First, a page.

Students and families in the U.S. now owe more than $1.7 trillion in student loan debt, making this the second highest consumer debt category, trailing only mortgage debt. Student loan debt is now higher than both credit card and auto loan debt.
The best way to avoid racking up a lot of student loan debt, of course, is to save enough money to send your kids to college debt-free. Fortunately, there are several different savings tools available to help you accomplish this goal.
Section 529 Plans
529 plans remain the best college savings vehicle for many families. Earnings grow on a tax-deferred basis while distributions are tax-free if they’re used to pay for qualified education expenses. This definition is broad and includes college tuition and fees, room and board, books, supplies, and personal technology (like computers and printers).
These plans are offered by states but you can choose a plan outside of the state where you live. Your child doesn’t have to go to school in the state where you choose a plan, either. Here’s a good resource for browsing each state’s 529 plan.
There are two main types of 529 plans. With a prepaid tuition plan, you can buy future tuition at current prices, which provides some certainty when it comes to your college costs. By purchasing four years of college for a young child today, you could possibly save tens of thousands of dollars in tuition.
An investment savings plan is similar to a retirement savings account like an IRA or 401(k). You can invest your savings in the market to try to maximize returns and your account balance will fluctuate based on your investment performance. There is risk involved with this strategy, but if you have a long-term time horizon, the risk might be justified.
Coverdell Education Savings Accounts (ESAs) were originally called Education IRAs. As with 529 plans, contributions made to Coverdell ESAs grow on a tax-deferred basis and distributions are tax-free if the money is used for qualified education expenses. However, you can’t continue to fund the account once your child turns 18. And any money left over after graduation must be distributed to your child.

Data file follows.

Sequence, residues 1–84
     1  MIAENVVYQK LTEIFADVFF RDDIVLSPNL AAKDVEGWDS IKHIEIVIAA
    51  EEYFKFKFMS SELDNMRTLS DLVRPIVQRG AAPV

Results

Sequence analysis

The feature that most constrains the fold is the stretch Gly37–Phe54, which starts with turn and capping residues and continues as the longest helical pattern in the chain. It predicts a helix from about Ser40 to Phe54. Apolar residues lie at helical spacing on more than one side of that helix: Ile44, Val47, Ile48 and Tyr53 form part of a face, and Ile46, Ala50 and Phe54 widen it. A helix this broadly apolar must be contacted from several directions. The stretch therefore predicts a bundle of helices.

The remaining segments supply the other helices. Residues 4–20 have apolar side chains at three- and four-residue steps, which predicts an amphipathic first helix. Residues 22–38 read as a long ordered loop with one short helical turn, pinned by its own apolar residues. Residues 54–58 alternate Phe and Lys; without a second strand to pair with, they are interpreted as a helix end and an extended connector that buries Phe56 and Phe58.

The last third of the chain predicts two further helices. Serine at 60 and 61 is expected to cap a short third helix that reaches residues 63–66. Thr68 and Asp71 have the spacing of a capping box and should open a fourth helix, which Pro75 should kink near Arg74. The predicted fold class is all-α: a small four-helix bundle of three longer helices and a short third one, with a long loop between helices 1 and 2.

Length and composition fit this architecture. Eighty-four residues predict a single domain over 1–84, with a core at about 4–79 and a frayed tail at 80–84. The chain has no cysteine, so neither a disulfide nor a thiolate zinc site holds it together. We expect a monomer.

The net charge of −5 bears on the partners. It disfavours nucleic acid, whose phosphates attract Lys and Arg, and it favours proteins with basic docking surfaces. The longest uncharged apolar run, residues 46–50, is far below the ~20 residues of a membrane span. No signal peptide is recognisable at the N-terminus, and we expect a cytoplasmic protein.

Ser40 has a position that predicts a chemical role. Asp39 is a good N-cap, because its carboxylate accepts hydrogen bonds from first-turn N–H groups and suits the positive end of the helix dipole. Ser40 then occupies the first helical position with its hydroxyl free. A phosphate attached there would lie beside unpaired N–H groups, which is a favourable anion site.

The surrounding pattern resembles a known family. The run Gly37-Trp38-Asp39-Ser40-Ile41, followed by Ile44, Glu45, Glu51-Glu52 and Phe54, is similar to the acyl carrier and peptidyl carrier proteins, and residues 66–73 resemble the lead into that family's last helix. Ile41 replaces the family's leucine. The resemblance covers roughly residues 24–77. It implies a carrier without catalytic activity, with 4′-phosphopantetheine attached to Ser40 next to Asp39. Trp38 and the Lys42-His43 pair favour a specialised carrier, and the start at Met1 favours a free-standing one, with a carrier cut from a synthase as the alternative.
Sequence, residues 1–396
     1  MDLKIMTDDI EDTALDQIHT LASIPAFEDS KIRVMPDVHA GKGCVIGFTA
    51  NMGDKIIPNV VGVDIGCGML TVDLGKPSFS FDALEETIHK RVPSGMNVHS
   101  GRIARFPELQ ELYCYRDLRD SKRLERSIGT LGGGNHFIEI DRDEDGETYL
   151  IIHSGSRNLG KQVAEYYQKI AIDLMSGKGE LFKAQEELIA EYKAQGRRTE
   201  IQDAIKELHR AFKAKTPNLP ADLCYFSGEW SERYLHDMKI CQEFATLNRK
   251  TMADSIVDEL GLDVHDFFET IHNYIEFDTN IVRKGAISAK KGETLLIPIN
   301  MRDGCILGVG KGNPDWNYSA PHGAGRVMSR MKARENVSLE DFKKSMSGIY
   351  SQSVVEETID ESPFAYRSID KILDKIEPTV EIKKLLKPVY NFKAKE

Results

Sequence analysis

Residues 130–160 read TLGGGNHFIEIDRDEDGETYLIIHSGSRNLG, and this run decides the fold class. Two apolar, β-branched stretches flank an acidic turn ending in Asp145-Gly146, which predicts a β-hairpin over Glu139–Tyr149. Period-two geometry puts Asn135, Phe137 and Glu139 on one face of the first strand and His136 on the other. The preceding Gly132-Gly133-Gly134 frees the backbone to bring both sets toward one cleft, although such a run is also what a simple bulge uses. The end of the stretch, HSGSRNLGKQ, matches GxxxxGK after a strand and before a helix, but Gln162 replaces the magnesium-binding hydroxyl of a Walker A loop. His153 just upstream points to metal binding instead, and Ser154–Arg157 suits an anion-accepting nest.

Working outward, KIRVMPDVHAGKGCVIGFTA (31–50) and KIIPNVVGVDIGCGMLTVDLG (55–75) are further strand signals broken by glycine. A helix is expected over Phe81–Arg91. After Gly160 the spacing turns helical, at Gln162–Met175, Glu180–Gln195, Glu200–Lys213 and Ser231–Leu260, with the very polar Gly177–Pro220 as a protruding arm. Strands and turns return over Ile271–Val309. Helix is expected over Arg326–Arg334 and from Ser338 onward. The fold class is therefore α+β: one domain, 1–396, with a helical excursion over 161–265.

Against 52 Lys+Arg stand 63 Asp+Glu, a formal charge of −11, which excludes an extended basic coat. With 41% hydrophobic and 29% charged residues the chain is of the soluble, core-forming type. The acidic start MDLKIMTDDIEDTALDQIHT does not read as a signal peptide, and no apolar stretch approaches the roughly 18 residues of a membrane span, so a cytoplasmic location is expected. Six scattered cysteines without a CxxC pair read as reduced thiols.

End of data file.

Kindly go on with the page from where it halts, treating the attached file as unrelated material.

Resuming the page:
While the contribution limit is relatively low — just $2,000 per year — Coverdell ESAs can be useful as a supplemental college savings account. For example, you could contribute the first $2,000 of your college savings each year to a Coverdell ESA and then make all remaining contributions to a 529 plan.
Sometimes referred to as UTMAs (Uniform Transfers to Minors Act) and UGMAs (Uniform Gifts to Minors Act), these accounts are set up by parents and grandparents for the financial benefit of their children and grandchildren. They aren’t designed specifically for college savings but can be used for this purpose.
Custodial accounts don’t offer tax-deferred growth or tax-free withdrawals, but they do provide another tax benefit: Account earnings are initially. taxed at your child’s rate, which is probably lower than your marginal tax rate. Beyond a certain level, however, income is taxed at the parents’ rate due to an IRS rule popularly known as the kiddie tax. You should be aware of this rule if you’re planning on accruing a large sum in a custodial account to fund college.
Finally, custodial account funds don’t have to be used to pay for college expenses like 529 and Coverdell ESA funds do. This could prove beneficial if your child decides not to attend college or receives a scholarship, but you should also bear in mind that once your child reaches the age of majority, he or she will have unfettered access to the funds.
Taking the Community College Route
One cost-saving strategy that’s being adopted by many families nowadays is to send their child to a community college for a year or two before transferring to a flagship college. The average cost of tuition and fees at a four-year public college is $10,560 for in-state students and $27,020 for out-of-state students, according to the College Board. This soars to $37,650 for four-year private colleges.
At community colleges, the average annual cost of tuition and fees drops to just $3,340 for in-state students and $8,210 for out-of-state students, according to Educationdata.org. If your child can live at home and attend a local community college, you’ll save even more. Often, the same core classes are taught during the first two years at community and flagship colleges, so your child may not miss out on anything academically.
How Does College Fit within Your Financial Plan?
If you’re reading this post, you’re likely aware of the advice to fund retirement first and then fund college. While that advice is sound, it brings with it a whole host of questions from how you know if you’re saving enough for retirement, how much you should be saving for college and how to handle any shortfall when it comes to funding college.
As part of a comprehensive plan, we help address all of those questions, from long-term planning to keep you on track for retirement to identifying aid and scholarships available for the particular colleges your child is considering. If you’d like to learn more about how we can help, send us an e-mail or schedule an introductory call.